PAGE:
Ms. Moore’s résumé is, in fact, not at all shabby. After leaving Ballet Theater, she graduated from Brown University with honors in ethics and political philosophy, and then studied arts administration at Columbia. After working for an arts advocacy group in Washington, she moved to Boston with her husband, Robert Ryan, and held senior administrative positions at Ballet Theater of Boston and Project Step, a classical music school for minority students. Then she moved to the Boston Ballet as director of its Center for Dance Education, the largest professional ballet school in the United States, with 2,000 students and 75 employees. When the Ballet Theater position opened up, she decided to apply even though, she said, she thought she had little chance of actually getting the job. "My goal was simply not to embarrass myself," she said.

This mixture of ambition and realism appears characteristic of Ms. Moore, whose pragmatic focus on matters at hand runs side by side with a broader grasp of the company’s needs. "When I arrived, it was clear that I would have to make changes," she said. "We restructured the senior staff – eliminating the chief operating officer position and dividing up those duties – and we made significant budget cuts by laying off staff for a week, not giving raises and changing touring plans. If I hadn’t taken a tough stance, Ballet Theater might not have survived. But I understand the artistic issues, and I strongly believe that we must have a real identity and vision. I’m never going to quibble about the expense of rehearsal time or whether a particular ballet needs to be done."

All of this, Mr. McKenzie said, has made his life considerably easier. "The problem with trying to run a ballet company is that every artistic idea is a lousy business decision," he said. "But Rachel comes from within and knows the culture: we do big operatic ballets with big stars, and we also try to honor our origins as choreographic theater. It’s an enormous juggling act, and when the fit is right between the executive and the artistic director, that takes a whole step out of the planning process. Now it’s, ‘Trust us,’ as opposed to, ‘Trust me.’ "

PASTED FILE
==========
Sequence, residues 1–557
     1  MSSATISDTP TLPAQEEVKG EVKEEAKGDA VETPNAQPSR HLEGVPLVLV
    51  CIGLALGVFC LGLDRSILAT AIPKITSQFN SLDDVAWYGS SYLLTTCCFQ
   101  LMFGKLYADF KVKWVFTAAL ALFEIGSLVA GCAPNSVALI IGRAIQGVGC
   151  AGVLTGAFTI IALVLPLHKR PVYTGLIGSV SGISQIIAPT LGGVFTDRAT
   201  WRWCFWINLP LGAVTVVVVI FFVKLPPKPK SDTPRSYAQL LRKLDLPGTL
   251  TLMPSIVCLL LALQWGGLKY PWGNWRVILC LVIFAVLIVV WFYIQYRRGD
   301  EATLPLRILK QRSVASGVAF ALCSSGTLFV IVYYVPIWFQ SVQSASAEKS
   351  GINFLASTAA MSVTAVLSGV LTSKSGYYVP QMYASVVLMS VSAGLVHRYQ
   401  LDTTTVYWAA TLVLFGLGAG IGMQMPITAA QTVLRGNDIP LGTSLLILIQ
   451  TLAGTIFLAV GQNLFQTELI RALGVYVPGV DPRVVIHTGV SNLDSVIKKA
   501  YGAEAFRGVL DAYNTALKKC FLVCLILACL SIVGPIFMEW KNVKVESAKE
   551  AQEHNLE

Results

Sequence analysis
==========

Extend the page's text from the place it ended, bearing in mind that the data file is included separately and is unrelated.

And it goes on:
However great Ms. Moore’s insider grasp of affairs and rapport with Mr. McKenzie, she nonetheless still faces the problems that have vexed Ballet Theater’s directors since the company’s inception in 1940. The troupe has never had a permanent home, as New York City Ballet does at the State Theater, and it has always toured extensively, with the attendant costs of transporting large numbers of dancers and supporting staff – to say nothing of the costumes and scenery needed for its repertory of full-length classical ballets.

Ms. Moore’s approach is to consider these circumstances as a spur to a bold vision. "We think of ourselves as a national company," she said, "and that’s how American Ballet Theater can differentiate itself from every other ballet company, and find new forms of funding and new audiences. This means more than touring. It also means that we are working toward being the standard bearer of excellence in the art form – not just performing, but also fostering new works, raising the standard of dance training, and bringing dance to people from all walks of life. It’s not just about doing ‘Swan Lake’ every year; it’s about what impact we can have on the art form."

These are elevated goals, but Ms. Moore, who attends almost every performance by the company, is a convincing advocate.

"I plan to be in this job for a long time," Ms. Moore said.

Mr. Ranieri seems to agree. "She and her husband have just bought a house," he said. "I’m very pleased about that."